For years, I have been receiving questions like ‘What is the rune for Joy?’ or ‘What is the rune for Happiness?’. The point is, Norse runes aren’t ideograms. Normally, they do not stand for abstract notions like ‘happiness’ or ‘joy’. Neither are they logograms, that is, they do not stand for all kinds of words like ‘go,’ ‘bird,’ or ‘angry’, unlike Japanese kanji or Chinese Han characters. After all, there are over 50,000 Han characters and this pretty explains why you can possibly ask, what is the character for ‘joy’ or ‘happiness’. There should be some. Even though to read a Chinese newspaper you would need to learn only about 3,000 characters, the 16 runes of the Viking Age Younger Futhark cannot work the same way simply because they are so few. I think, there is no human society that needs only 16 words to function.
In some instances, however, Younger Futhark runes may stand for whole words. These words are usually the names of the corresponding runes. The instances are not very numerous. A great example is the runic inscription known as Storhedder III (192).
At Storhedder, north of the lake Storheddervatnet in the county Aust-Agder in Norway, there is a large overhanging soapstone rock. For centuries, it has been providing shelter for hunters. People who found refuge there in the Middle Ages left several runic graffiti, including a cute one that reads:
I would like to choose the girl who is most beautiful in the worlds
In the last segment of the inscription ihaiminum the runes ih were carved as a bindrune (combined rune sign that features two or more runes carved on a single vertical stave). Later someone added to the same stave the bow of the rune þ. As a result, the segment now reads: iþhaiminum.
The name of the rune þ is þurs, which means ‘giant’ or ‘ogre’. So the intended meaning is ON í þursheiminum. Thus the girl is now most beautiful ‘in the ogre worlds’. The rune þ stands here for the word þurs.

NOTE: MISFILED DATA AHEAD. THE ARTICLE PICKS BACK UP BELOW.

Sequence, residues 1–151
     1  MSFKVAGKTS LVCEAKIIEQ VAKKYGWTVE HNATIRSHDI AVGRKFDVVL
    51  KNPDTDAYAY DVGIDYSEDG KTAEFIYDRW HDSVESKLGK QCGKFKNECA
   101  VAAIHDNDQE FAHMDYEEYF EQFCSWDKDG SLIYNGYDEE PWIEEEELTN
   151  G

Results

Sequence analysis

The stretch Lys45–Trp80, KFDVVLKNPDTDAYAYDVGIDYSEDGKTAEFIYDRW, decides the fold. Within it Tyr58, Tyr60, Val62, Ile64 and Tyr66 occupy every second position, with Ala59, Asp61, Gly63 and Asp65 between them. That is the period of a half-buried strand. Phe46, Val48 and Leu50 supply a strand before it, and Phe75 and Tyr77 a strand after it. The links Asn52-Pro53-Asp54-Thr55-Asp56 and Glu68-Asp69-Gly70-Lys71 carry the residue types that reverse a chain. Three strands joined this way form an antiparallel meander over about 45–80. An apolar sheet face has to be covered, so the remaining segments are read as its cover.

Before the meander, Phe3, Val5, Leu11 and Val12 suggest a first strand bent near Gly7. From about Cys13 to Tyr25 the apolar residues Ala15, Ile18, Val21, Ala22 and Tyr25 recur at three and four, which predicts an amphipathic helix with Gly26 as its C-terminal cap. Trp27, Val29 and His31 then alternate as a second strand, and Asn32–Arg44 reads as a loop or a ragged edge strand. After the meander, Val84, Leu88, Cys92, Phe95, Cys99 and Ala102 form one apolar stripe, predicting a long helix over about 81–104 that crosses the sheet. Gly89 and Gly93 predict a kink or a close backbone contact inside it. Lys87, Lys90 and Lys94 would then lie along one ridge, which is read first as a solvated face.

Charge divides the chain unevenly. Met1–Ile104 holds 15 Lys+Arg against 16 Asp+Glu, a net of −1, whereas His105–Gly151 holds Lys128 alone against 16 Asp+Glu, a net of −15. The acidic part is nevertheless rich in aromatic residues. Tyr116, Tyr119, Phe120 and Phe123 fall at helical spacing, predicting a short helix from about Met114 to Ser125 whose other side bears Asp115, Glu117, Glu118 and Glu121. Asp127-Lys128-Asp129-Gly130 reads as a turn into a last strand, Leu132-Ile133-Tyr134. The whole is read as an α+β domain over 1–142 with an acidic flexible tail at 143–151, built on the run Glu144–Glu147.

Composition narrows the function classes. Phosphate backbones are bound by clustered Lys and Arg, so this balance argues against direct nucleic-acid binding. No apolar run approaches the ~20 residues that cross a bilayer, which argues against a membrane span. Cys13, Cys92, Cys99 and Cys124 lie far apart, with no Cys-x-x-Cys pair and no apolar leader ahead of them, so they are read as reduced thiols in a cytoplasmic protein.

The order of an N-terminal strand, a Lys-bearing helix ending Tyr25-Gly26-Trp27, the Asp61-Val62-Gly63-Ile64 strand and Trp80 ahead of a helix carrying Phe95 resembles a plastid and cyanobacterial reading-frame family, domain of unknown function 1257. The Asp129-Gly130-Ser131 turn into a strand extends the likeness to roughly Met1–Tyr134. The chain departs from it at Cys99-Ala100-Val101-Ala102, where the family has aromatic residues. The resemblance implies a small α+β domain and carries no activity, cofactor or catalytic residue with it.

We do not know whether it was a rather crude joke or an attempt at a serious curse. Doomed to be married to an ogre is a motif that sometimes occurs in Scandinavian mythological tradition.
So normally Younger Futhark runes work as an alphabet (a not very convenient alphabet for the Old Norse language). Sometimes they may stand for a word but you cannot write a whole sentence with runes functioning as words.
I´m Icelandic and have been looking at the history of the vikings and whatever came before. The culture seems not to have had the same ideas about the gods accross all the lands and stuff got mixed among others in the great folkvandrung.
The letter Þ is actually called thorn and in old times, it occurred in the english language. Today it is often seen as th, an example is ÞÓR for THOR and thou for þú, it (þ) can be found in some old-english teksts if I remember correctly.
Runes were probably more serious than just to use as bling in the old days, hence something like joy is not something you would consider for runes. Bling would rather be valknud or specific runes like ægishjálmr.
The usage of runes are not that common, else we would probably know more about their culture.
Egill Skallagrimsson is said to have known runes, he among others used them when erecting a nid-pole to curse a king and his queen and also helped a woman who had wrong runes on her bed who were supposed to help her recover.
I read somewhere that twig runes are as they are because when out in nature and needing advice from the gods, you could fetch some twigs, throw them on the ground and try to read them according to the runes.
Well just commenting to add to the discussion.